With Erdogan at the top, Turkey is claiming and trying to powergrab it. This is not only thought of in secret, but communicated very publicly. For example, maps of a Greater Turkey are shown in the AKP area, which in addition to Northern Syria, Northern Iraq, Armenia, some Greek islands such as Rhodes, Greek Macedonia and parts of Bulgaria and Georgia also include Armenia and Syria.
In northern Syria, Turkey is currently working with a “protection zone” in which, for “humanitarian” reasons, Syrian refugees are to be settled in areas where the Kurds represent the majority of the population. Turkey also operates military bases in Iraq. It wants to use the US withdrawal from the region to take a further step towards Greater Turkey or a new Ottoman Empire. Of course, Turkey’s neighbors are not very enthusiastic about these ambitions, and it was not for nothing that Greece never tied the defense budget even during the financial crisis. Even after the Cold War, this is always above NATO’s 2% target.
If we consider the frozen Cyprus conflict, the “gas rush” and a meanwhile very aggressive Turkish foreign policy, it is hardly surprising that Turkey is making claims to the gas deposits around Cyprus. For example, Erdogan warned in a speech to ACP MPs at the beginning of 2018: “Opportunistic attempts to extract gas from Cyprus and the Aegean Islands are not escaping our perception”. He adds with caution: “We warn those who are wrong in Cyprus and the Aegean. “
Of course, he also follows up with deeds. For example, the Turkish Navy and Coast Guard blockade exploration and drilling ships of the contracting parties in Cyprus and since early 2019, Turkish exploration and drilling ships have been operating under the protection of Turkish war and coast guard ships in the sovereign territories and the economic zone of Cyprus.
Most recently, an Israeli research ship was forced by the Turkish Navy to leave Cypriot waters, while Turkish drilling and research ships continue to operate south of Cyprus. Israel then announced a military exercise in the eastern Mediterranean.
Greek Foreign Minister Nikos Dendias also replied meaningfully: “Greece is a European country, Turkey will not bring us to the level of the Balkan dispute. We have made it clear to everyone that we will protect our sovereignty within the framework of our constitutional rights. If necessary, we could answer alone, but we will not be alone”.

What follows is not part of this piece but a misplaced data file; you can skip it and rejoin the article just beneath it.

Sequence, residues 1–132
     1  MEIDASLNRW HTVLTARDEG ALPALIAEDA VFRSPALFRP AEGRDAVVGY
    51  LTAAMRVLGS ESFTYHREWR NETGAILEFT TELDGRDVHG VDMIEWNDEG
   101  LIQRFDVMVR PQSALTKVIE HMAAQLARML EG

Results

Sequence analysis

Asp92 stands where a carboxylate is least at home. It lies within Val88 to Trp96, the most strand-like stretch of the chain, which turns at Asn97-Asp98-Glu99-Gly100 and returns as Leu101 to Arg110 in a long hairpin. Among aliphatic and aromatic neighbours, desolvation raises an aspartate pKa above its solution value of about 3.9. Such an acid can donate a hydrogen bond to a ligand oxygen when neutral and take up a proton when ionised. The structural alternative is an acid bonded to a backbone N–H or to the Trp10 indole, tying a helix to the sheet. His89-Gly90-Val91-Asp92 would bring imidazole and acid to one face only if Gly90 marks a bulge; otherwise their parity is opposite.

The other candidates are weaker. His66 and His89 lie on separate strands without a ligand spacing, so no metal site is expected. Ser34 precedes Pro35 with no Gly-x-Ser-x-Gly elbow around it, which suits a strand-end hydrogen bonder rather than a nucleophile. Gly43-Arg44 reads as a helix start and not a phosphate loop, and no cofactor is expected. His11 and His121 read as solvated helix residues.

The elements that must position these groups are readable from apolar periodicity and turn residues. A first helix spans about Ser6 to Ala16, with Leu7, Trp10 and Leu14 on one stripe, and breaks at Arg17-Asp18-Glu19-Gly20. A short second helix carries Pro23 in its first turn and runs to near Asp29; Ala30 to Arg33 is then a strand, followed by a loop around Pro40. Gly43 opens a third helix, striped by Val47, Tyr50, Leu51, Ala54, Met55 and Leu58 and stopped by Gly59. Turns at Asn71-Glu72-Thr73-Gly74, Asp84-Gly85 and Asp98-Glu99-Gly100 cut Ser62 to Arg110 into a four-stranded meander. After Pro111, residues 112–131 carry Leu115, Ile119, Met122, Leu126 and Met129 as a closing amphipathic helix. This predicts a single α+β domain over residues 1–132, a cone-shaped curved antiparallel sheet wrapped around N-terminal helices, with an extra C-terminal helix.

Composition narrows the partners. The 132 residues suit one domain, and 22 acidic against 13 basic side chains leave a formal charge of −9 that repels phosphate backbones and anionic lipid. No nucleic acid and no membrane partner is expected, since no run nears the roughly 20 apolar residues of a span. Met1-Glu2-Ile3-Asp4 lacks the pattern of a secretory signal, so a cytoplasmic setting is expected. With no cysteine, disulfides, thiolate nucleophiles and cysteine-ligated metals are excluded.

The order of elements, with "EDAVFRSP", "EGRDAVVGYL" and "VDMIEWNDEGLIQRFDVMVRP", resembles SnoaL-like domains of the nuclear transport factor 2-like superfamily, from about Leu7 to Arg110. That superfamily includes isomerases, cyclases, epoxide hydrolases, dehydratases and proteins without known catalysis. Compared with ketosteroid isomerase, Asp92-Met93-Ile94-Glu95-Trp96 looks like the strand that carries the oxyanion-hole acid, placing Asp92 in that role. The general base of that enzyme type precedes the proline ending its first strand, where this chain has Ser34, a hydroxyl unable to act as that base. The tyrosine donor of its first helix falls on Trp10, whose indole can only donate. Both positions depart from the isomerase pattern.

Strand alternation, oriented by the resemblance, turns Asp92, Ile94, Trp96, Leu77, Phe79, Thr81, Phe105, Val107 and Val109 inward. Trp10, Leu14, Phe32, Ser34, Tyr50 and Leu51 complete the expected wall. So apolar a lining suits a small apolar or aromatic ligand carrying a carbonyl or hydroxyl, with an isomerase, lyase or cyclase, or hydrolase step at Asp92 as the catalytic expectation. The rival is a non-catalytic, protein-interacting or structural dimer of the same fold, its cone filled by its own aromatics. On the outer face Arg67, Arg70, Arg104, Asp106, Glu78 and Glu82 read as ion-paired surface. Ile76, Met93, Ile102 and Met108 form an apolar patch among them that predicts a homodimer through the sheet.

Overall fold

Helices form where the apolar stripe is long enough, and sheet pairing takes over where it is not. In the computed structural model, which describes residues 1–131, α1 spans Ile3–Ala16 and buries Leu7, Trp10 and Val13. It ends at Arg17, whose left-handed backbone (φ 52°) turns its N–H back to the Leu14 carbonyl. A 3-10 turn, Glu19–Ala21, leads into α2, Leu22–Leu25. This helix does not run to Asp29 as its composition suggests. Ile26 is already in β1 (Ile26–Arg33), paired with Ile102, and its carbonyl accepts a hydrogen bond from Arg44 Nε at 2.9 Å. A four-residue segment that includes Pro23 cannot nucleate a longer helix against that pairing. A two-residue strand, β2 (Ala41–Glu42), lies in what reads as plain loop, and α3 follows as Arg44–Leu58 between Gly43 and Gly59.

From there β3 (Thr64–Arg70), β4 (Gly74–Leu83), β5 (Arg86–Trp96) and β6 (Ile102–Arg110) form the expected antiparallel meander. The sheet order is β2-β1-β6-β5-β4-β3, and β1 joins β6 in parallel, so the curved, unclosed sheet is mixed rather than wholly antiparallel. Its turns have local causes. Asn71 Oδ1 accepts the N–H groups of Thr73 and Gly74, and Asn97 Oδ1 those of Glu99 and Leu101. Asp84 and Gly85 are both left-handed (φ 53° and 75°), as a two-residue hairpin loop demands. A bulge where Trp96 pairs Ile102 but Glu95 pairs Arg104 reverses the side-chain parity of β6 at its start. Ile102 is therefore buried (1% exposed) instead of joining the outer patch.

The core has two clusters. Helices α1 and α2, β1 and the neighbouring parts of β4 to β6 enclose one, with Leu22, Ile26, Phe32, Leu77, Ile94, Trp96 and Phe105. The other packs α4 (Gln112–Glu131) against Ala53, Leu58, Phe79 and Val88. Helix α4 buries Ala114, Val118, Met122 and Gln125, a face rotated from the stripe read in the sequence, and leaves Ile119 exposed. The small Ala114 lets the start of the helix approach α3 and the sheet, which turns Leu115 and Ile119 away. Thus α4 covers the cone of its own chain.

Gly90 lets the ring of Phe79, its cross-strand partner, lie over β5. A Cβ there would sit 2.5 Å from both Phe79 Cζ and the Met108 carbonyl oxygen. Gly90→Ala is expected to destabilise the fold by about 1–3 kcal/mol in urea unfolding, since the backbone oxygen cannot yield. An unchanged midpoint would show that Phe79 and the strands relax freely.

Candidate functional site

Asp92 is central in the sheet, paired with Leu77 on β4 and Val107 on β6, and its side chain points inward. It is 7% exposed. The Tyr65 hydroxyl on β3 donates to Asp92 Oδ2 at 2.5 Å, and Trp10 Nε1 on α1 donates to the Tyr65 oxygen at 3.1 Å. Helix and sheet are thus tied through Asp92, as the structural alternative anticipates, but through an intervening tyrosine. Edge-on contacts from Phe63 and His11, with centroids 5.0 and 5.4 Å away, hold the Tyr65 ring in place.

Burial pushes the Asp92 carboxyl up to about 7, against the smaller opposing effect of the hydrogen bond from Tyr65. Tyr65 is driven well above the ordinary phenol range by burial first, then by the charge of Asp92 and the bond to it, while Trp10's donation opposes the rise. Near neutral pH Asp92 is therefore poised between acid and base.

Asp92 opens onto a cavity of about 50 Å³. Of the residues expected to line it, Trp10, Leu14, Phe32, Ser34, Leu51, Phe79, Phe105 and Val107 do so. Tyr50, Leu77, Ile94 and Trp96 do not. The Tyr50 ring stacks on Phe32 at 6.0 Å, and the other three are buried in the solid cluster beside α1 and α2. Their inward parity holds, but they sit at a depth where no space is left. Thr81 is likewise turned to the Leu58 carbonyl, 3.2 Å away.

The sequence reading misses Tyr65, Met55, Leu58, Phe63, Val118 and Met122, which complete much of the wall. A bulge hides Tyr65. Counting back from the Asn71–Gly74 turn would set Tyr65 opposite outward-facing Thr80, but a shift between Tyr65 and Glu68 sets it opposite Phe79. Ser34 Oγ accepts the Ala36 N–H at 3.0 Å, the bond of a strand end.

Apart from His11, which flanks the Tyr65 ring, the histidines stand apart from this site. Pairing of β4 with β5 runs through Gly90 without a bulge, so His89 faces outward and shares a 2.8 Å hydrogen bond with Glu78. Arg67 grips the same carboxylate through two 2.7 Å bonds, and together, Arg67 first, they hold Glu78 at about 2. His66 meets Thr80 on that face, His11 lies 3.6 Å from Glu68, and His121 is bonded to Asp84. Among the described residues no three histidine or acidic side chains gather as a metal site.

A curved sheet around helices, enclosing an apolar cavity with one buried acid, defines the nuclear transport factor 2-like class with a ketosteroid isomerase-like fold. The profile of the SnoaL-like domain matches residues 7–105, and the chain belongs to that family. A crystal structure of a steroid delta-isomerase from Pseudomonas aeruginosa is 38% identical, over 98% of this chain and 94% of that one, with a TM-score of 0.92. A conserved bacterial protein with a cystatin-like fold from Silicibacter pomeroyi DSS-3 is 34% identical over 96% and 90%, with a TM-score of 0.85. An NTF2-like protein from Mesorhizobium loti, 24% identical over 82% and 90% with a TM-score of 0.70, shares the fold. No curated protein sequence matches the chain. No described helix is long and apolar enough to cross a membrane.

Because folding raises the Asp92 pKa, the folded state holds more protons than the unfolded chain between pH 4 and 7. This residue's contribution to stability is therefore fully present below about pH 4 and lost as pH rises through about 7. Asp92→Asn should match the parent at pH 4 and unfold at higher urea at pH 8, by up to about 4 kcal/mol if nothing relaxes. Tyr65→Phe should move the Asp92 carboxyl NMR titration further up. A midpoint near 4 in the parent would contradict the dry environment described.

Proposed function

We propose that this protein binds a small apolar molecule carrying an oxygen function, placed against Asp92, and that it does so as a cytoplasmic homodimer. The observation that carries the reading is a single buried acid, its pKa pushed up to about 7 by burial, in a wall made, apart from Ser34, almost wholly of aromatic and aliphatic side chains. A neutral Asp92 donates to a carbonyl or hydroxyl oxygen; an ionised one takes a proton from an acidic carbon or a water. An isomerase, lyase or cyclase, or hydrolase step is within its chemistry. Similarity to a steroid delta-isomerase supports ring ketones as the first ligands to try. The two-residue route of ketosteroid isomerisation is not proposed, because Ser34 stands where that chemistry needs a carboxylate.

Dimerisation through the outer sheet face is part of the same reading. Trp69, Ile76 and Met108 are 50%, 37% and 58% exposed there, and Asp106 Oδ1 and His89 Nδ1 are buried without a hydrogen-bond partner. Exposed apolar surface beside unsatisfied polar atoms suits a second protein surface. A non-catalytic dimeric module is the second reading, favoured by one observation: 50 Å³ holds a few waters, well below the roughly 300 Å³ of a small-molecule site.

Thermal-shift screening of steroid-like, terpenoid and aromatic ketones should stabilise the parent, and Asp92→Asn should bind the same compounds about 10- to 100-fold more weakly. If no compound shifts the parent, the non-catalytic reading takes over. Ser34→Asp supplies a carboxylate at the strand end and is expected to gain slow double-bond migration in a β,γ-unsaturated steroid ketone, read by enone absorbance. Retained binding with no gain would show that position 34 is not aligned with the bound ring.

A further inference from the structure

In the meantime, the Turkish leadership has heralded a new level of escalation in the conflict and is looking at North Africa.
If you look at the map of the current conflict region in whose “center” Cyprus is located, you will find Libya southwest of Cyprus, more precisely the region of Kyrenaica, one of the two most populous regions of Libya. If you want to build a Neo-Ottoman Empire, you must of course take every opportunity to gain decisive geopolitical advantages in the claimed region.
The “Arab Spring” led to the fall of Gaddafi in Libya in 2011. Since then, several warlords have ruled the Libyan territory. The two largest (warlord) factions are in Tripolitania in the west and in Cyrenaica in the east. The warlords in Tripolitania are generally recognized internationally as a government. European and American units are also based here because there are still smaller Danesch (IS) resistance nests – and the world’s highest quality oil deposits. The east, in which the Free Libyan Army is active, has rebel status and is supported by the United Arab Emirates, Saudi Arabia and Egypt. Recently Russian soldiers have also been involved and the front line in front of Tripoli is shifting in favor of the Eastern Libyan “rebels”.